Entertainment Music History tells us Neil Finn joining Fleetwood Mac probably won’t work

History tells us Neil Finn joining Fleetwood Mac probably won’t work

Neil Finn in Crowded House mode. Photo: Getty
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Neil Finn be warned – even the greatest singers and songwriters are on a hiding to nothing when they join an equally famous band with an established fan base.

The news that the Crowded House and Split Enz frontman will join Fleetwood Mac for the legendary outfit’s latest world tour may be a crowning career moment, but Finn is unlikely to win over Mac lovers who just want to hear the absent Lindsey Buckingham on lead guitar.

Finn confirmed the move on Twitter on Tuesday and also told Variety magazine that “two weeks ago I receive a wonderful invitation to be a part of a truly great band”.

“A few days later I was standing in a room playing music with Fleetwood Mac. It felt fresh and exciting, so many great songs, a spectacular rhythm section and two of the greatest voices ever,” Finn said.

“Best of all, we sounded good together. It was a natural fit. I can’t wait to play

“Fleetwood Mac has always been about an amazing collection of songs that are performed with a unique blend of talents,” he said.

With touring now providing brand name musicians with the bulk of their income it’s little wonder that ‘getting the band back together’ is a popular industry move.

However, Finn should perhaps not expect to be a part of Fleetwood Mac’s line-up for too long, given the less-than-successful history of popular musicians filling-in for key members of other bands.


Australia’s most successful musical export may have been made up of UK imports, but Bon Scott’s death showed that it is possible to replace a key member and get away with it. Brian Johnson took over in 1980 and forged his own legend. Where AC/DC’s problems began was in 2016 when Johnson was forced to retire with hearing damage and the band turned to … Axl Rose.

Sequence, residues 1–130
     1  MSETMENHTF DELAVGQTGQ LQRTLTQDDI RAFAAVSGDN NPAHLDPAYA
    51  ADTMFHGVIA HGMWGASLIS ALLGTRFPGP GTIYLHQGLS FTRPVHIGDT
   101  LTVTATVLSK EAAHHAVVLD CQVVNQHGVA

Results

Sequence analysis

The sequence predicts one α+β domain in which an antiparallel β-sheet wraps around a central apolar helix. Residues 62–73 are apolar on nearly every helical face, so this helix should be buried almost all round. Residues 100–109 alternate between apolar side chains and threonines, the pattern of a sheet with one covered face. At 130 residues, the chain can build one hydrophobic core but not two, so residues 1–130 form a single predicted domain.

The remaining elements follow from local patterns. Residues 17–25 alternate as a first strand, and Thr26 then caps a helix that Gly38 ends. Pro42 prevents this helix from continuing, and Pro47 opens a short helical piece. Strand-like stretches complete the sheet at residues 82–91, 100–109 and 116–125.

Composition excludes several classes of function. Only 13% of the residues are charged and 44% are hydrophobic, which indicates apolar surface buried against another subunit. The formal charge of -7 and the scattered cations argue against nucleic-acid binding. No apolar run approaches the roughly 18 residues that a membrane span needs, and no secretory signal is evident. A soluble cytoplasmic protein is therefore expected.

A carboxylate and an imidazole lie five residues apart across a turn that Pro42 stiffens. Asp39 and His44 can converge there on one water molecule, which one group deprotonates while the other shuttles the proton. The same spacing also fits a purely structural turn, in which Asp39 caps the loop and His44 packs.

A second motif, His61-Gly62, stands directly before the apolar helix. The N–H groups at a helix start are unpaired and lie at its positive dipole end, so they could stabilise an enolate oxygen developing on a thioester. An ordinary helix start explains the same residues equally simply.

AC/DC’s Axl Rose and Angus Young on stage in Spain in 2016. Photo: AAP 


It’s a mantra all members of this British band have recited time and again: ‘No one could replace Freddie Mercury’. Which makes you wonder why they keep trying to do it.

Paul Rodgers (L) and Queen’s Brian May. Photo: AAP

Devastated by the death of their flamboyant lead singer in 1991, the band have at times turned to guest appearances by superstars like George Michael, Robbie Williams and Elton John.

Former Free and Bad Company singer Paul Rodgers took the job full-time between 2004 and 2009. Ranked 55 on Rolling Stone magazine’s 100 Greatest Singers of All Time, Rodgers certainly had the musical chops, but no Queen fan has ever been able to see beyond the man who was No.18 on that list – yep, Freddie.


Joe Strummer had a little band called The Clash which changed UK music forever. Less known is his short-lived 1991 turn as the lead singer of Irish-themed folk punk band The Pogues having initially been brought in to produce an album perhaps appropriately titled Hell’s Ditch.

Not Shane MacGowan: Joe Strummer in The Clash mode. Photo: AAP

Strummer was forced to step in to replace shambolic lead singer-songwriter Shane MacGowan whose alcoholic excesses on tour fractured the band. MacGowan was clearly irreplaceable as the heart and soul. The experiment was almost immediately abandoned.


In the Queen mould, Australia’s INXS have flailed about trying to replace their lead singer Michael Hutchence, who died suddenly in 1997.

Jon Stevens got sick of playng other people’s songs. Photo: AAP

Before the sad spectacle of conducting a 2005 reality TV show to give a newcomer a shot las lead singer, the band had toured for three years with former Noiseworks frontman Jon Stevens. But Stevens summed up the lot of the ‘replacement’ singer when he told The Daily Telegraph in 2009 that he left INXS due to creative boredom.

“No need to be going away for months on end, away from home, away from family. It’s hard to justify it when you’re just playing other people’s songs,” he said.


There’s the salutary lesson of the Little River Band replacing lead singer and songwriter Glenn Shorrock with solo artist John Farnham.

John Farnham bombed as LRB lead singer, but had huge solo success. Photo: AAP

The experiment lasted for three year from 1982 to 1985, but the new lineup could not replicate the band’s previous success in the United States. Farnham went on to record Australia’s second highest selling album of all time – the inexplicably successful Whispering Jack – while LRB still rolls on the cabaret circuit today having burnt through some 30 members, none from the original line-up.

All good lessons for the members of Crowded House should they start contemplating a replacement for their man Neil Finn while on his Fleetwood Mac duties.

Or, to put it another way, he better be home soon.

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